Surveyor’s Journal Entry Twenty-Three
The Dawn of Modern Surveying and Road Construction
By the early 1900s, the Franklin County surveyor was actively replacing stone survey monuments with iron pins. This endeavor was symbolic of the start of the modern age of surveying. The magnetic characteristics of the metal enabled the markers to be readily retrieved for the establishment of precise vertical control throughout the area.
Surveys started in 1899 by the U.S. Coast and Geodetic Survey (CGS), under the federal Department of Commerce, and the U.S. Geological Survey created the first coast-to-coast survey record of the nation, including precise topographic and hydrologic maps of Franklin County.
New local surveys and land use plans lead to the formal establishment of the “Columbus enclave” communities of Marble Cliff (1901), Grandview Heights (1906), Bexley (1908), Whitehall (1910) and Upper Arlington (1913).
Following the devastating Flood of 1913, the City of Columbus joined with the Franklin County Surveyor, The Ohio State University and the CGS to conduct a precise survey of 80 square miles of the city, using horizontal and vertical control, in preparation for land redevelopment and flood control projects.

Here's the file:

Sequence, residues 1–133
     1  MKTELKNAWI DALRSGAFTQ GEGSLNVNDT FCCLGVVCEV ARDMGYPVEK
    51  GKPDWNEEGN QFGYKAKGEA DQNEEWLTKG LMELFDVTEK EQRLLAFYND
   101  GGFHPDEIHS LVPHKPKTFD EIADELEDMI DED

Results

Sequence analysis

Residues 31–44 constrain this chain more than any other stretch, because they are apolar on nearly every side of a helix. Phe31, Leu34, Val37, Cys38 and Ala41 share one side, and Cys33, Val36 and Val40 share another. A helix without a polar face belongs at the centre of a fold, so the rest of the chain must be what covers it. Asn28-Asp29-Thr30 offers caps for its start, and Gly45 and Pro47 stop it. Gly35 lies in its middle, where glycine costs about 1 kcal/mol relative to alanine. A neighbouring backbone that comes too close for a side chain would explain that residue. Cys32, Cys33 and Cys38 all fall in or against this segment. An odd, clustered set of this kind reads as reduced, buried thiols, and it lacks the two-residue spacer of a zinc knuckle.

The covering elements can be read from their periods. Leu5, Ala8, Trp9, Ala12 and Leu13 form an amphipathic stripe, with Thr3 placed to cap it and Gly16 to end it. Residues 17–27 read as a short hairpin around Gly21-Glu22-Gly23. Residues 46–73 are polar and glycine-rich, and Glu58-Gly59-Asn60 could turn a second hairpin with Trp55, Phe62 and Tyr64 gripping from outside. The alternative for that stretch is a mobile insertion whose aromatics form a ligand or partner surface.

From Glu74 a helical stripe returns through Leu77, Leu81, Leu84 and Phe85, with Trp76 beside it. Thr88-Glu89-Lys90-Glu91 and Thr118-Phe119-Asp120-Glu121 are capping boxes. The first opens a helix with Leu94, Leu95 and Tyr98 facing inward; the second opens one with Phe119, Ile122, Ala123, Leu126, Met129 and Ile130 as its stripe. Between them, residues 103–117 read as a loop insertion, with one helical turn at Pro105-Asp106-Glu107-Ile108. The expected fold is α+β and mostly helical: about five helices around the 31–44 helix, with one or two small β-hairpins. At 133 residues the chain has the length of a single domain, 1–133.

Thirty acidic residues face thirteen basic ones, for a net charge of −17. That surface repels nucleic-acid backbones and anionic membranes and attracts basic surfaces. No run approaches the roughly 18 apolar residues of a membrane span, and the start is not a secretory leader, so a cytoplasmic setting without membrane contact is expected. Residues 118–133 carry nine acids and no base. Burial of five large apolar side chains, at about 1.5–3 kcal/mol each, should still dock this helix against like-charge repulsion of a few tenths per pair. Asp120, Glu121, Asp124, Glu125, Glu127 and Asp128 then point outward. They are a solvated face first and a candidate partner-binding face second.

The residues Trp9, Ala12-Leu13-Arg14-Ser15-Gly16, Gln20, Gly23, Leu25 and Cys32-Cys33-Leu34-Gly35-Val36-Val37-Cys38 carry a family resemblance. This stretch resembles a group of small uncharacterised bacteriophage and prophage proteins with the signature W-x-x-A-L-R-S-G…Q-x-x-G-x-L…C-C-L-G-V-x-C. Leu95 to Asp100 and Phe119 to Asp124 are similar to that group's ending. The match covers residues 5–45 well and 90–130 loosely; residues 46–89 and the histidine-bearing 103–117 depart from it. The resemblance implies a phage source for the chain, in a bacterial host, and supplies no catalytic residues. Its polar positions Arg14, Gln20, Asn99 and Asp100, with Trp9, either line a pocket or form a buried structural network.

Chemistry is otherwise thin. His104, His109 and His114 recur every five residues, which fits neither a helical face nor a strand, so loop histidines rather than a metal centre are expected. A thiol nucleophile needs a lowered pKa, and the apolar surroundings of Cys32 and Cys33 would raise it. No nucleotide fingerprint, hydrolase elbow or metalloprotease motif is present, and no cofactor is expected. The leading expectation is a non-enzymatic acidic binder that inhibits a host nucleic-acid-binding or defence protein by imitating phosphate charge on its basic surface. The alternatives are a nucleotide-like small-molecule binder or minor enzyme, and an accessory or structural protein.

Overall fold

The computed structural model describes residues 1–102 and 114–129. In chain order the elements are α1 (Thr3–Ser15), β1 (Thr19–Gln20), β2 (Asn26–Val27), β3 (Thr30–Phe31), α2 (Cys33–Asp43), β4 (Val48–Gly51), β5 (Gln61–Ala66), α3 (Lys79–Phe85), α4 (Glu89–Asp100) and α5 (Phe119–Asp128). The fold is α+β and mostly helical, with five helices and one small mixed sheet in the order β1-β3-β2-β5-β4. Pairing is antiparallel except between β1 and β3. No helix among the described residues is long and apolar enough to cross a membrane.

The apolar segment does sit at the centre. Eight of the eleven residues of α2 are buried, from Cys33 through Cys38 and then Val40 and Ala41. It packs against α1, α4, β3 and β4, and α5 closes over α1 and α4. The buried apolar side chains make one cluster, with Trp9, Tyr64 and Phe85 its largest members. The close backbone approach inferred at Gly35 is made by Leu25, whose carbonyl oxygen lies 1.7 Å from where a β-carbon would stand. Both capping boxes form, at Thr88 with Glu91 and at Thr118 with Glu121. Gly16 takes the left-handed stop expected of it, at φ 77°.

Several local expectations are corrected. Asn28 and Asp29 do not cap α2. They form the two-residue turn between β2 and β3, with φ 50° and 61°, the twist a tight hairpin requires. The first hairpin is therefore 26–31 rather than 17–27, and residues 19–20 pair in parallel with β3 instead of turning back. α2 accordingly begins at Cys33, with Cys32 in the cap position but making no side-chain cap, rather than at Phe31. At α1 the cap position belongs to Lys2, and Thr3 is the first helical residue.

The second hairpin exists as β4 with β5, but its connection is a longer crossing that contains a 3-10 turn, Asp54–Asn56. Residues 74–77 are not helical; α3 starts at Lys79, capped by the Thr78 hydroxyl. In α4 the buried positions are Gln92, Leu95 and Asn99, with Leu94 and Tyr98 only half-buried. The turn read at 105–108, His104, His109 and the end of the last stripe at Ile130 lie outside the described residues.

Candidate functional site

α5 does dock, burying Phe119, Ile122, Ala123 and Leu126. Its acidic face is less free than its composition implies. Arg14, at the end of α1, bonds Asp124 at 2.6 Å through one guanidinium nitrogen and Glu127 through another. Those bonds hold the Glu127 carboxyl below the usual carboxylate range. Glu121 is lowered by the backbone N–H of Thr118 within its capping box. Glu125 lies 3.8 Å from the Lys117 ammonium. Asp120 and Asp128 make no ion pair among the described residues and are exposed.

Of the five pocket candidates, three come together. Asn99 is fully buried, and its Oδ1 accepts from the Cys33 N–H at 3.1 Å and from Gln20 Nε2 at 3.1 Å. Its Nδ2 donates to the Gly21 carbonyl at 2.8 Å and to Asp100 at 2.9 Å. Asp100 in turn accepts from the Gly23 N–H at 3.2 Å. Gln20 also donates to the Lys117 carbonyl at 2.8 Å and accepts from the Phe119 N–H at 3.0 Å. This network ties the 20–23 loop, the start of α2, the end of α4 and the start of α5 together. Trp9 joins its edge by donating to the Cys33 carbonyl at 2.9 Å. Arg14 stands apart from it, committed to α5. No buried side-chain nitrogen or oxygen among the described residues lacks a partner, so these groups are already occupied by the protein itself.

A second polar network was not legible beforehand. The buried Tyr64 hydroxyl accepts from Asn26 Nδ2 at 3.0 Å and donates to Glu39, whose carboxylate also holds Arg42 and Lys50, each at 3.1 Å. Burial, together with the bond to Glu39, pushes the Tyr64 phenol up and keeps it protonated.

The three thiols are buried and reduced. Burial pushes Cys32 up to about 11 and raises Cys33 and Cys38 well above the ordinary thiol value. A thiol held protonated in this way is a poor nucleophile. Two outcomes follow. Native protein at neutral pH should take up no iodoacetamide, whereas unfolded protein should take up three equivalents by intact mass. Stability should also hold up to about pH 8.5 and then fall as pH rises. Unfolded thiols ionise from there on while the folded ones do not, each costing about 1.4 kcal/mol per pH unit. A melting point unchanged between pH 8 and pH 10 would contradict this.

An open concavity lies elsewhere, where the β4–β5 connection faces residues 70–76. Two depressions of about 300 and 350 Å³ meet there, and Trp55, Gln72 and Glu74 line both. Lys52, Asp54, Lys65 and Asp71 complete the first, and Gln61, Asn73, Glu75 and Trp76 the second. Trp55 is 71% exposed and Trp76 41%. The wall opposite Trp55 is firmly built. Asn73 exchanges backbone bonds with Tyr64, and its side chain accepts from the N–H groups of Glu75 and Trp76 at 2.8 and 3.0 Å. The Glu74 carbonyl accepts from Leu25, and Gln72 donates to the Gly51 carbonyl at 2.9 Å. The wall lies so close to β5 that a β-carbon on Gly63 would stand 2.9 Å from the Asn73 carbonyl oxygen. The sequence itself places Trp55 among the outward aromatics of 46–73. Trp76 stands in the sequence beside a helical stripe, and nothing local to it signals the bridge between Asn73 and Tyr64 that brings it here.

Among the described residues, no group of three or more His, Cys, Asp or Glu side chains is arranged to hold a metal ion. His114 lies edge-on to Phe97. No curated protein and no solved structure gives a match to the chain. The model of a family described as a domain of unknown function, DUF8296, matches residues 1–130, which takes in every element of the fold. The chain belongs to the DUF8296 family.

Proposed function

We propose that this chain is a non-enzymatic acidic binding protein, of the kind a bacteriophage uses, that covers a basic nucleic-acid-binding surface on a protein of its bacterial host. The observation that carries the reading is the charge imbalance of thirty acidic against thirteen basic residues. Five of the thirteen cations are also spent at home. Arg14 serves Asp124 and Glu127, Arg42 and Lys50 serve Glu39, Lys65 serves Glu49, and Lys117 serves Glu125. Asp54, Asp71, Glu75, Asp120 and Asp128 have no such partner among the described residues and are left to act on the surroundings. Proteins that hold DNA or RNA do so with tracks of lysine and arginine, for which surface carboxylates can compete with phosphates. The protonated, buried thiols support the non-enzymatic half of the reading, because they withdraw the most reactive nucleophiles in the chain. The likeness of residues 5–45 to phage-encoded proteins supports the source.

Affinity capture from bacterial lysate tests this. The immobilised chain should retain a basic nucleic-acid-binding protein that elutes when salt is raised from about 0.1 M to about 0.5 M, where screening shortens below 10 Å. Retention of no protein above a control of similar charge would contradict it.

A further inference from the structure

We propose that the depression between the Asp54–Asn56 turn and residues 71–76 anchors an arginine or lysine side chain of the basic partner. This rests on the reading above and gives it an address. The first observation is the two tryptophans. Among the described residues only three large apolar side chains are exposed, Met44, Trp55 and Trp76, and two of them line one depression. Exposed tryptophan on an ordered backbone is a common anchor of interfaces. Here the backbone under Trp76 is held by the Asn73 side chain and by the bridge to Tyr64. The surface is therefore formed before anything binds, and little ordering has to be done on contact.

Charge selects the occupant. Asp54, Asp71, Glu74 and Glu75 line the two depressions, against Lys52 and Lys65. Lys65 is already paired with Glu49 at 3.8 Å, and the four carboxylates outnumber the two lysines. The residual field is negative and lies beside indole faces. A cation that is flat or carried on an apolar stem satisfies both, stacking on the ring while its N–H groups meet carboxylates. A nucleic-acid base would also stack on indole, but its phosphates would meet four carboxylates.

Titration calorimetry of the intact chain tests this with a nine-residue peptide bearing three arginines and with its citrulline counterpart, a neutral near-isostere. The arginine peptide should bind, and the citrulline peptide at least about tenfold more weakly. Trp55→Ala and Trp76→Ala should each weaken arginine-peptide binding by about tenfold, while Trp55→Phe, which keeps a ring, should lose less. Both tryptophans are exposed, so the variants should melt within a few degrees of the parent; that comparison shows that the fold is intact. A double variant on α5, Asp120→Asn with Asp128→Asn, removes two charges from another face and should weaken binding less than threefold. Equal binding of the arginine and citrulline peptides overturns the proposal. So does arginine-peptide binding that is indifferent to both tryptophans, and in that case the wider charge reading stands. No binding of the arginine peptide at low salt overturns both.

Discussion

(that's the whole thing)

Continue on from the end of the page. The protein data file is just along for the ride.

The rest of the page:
The start of the “Auto Age” brought about a renewed effort to improve the area’s transportation infrastructure. The introduction of asphalt and concrete pavements finally provided a lasting solution to the problem of muddy and rut-filled streets.
During the Great Depression, the Federal Works Progress Administration, Public Works Administration, and Civilian Conservation Corps put thousands of unemployed Ohioans back to work building roads, bridges, drainage, and landscape infrastructure. The average annual application of hot mix asphalt on the state’s thoroughfares rose more than 1,000 percent from 19,400 tons in 1929 to 210,000 tons by 1940.
Amidst this prolific period of construction, the Ohio Legislature officially redesignated the position of “County Surveyor” to that of “County Engineer,” in 1935, to officially provide for both the surveying and highway engineering needs of the state’s evolving counties. Only those who hold both an Ohio Professional Engineers (P.E.) and Professional Surveyors (P.S.) license may qualify for the publically elected office. Past Franklin County Surveyors and Engineers (link within site)